Sandia Labs’ Launches New Algae Raceway

Joanna Schroeder

Researchers at Sandia National Laboratories have developed a new algae raceway testing facility to bridge the gap between lab and real world. Today, scientists have not yet discovered a cost-competitive way to convert algae to renewable fuels. The new Sandia algae testing facility is comprised of three 1,000-liter oval raceway ponds that feature advanced monitoring.

The new algae raceway testing facility at Sandia National Laboratories will help scientists advance laboratory research to real-world applications. Shown here is one of the three 1,000-liter ponds, outfitted with custom lighting and 24-hour advanced hyper spectral monitoring. Photo credit Dino Vournas.

The new algae raceway testing facility at Sandia National Laboratories will help scientists advance laboratory research to real-world applications. Shown here is one of the three 1,000-liter ponds, outfitted with custom lighting and 24-hour advanced hyper spectral monitoring. Photo credit Dino Vournas.

“This facility helps bridge the gap from the lab to the real world by giving us an environmentally controlled raceway that we can monitor to test and fine tune discoveries,” said Ben Wu, Sandia’s Biomass Science and Conversion Technology manager. “The success of moving technologies from a research lab to large outdoor facilities is tenuous. The scale-up from flask to a 150,000-liter outdoor raceway pond is just too big.”

According to Wu, the “raceway” design features several benefits:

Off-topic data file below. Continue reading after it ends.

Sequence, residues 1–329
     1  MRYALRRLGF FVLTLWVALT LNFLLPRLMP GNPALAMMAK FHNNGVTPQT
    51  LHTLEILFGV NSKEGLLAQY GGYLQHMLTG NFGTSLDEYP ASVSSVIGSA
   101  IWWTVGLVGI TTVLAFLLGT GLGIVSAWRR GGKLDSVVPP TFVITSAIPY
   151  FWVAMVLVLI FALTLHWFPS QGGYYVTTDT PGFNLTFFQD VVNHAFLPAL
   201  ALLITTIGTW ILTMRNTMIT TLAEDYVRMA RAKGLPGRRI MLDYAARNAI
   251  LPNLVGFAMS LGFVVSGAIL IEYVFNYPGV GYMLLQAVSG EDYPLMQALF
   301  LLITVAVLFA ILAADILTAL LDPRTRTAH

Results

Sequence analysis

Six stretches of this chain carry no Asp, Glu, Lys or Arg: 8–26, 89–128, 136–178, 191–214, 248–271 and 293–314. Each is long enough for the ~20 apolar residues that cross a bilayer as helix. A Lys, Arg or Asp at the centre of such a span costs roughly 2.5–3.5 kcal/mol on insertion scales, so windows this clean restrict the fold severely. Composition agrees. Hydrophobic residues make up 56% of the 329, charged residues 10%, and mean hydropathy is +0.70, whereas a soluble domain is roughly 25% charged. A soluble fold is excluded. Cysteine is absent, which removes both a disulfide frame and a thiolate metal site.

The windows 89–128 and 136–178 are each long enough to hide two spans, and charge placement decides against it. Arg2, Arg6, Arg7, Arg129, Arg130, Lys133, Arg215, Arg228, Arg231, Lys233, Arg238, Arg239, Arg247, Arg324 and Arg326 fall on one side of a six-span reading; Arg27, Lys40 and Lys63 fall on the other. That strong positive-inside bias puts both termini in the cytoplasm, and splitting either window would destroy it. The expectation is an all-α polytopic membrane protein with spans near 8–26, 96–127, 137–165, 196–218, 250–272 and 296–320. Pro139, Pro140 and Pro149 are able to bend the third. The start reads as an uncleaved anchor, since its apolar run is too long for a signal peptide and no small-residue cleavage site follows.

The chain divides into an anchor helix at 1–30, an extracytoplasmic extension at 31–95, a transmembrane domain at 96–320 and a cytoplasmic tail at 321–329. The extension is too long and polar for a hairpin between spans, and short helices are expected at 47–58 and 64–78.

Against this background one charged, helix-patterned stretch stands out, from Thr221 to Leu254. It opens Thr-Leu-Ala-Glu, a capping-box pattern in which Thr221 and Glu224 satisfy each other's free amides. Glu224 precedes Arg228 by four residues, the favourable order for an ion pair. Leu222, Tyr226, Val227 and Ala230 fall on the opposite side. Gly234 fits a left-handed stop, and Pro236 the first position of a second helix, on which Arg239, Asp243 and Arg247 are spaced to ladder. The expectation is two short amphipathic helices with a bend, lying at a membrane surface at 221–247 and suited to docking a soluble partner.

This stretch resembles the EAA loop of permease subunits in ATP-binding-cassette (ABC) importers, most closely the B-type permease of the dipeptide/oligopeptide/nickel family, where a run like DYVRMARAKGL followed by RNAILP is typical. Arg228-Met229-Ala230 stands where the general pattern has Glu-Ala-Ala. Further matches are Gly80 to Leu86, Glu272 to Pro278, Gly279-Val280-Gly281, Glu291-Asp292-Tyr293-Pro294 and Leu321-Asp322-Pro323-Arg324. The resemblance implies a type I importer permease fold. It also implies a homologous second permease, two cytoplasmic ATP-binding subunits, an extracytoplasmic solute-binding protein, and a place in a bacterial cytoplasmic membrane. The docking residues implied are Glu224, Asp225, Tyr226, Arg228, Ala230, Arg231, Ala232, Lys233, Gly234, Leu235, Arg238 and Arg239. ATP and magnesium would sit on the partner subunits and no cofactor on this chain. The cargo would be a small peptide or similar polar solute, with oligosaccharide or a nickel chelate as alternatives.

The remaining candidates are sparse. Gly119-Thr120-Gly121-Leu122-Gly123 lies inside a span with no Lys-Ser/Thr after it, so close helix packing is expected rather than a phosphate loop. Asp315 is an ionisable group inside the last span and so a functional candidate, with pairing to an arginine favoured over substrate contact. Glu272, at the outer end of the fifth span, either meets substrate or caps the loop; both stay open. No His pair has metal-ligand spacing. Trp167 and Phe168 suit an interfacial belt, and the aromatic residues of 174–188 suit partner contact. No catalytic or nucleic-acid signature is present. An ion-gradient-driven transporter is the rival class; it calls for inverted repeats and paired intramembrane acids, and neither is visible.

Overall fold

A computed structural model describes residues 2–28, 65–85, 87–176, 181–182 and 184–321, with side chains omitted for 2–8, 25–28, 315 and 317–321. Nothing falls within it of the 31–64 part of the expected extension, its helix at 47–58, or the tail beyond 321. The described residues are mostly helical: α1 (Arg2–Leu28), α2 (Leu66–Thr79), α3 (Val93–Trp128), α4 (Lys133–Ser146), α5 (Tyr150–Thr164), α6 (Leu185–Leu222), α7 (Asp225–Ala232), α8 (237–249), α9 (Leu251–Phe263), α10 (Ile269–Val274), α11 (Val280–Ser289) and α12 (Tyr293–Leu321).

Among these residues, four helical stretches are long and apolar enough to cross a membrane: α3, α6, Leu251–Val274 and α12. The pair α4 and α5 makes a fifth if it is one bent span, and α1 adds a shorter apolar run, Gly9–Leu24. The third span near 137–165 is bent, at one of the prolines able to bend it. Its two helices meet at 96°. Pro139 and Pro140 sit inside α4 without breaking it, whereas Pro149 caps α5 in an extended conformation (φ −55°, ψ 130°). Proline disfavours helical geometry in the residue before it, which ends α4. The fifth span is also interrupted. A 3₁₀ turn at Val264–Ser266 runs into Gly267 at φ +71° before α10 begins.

• Easy scale-up to larger, outdoor raceways
  • Customizable lighting and temperature controls, operational by year end, to simulate the conditions of locations across the country
  • Fully contained for testing genetic strains and crop protection strategies
  • Advanced hyperspectral monitoring 24 hours a day

The new facility is already in use with researchers Todd Lane and Anne Ruffing testing genetically modified algae strains as part of a project funded by Sandia’s Laboratory Directed Research and Development (LDRD) program. The algae raceway should enable the researchers to more quickly identify strains that promise improved performance.

“The bioeconomy is gaining momentum,” Wu said. “Biofuels from algae may be further off, but algae has sugar and proteins that can make fuel or higher valued products, such as butanol or nylon — products that currently come from fossil fuels.”

Wu expects the facility will expand opportunities for Sandia researchers to develop algae as a robust source of biofuels and increase collaborations and partnerships with the private sector, particularly in California where efforts to transform transportation energy are prevalent.

advance biofuels, algae, Research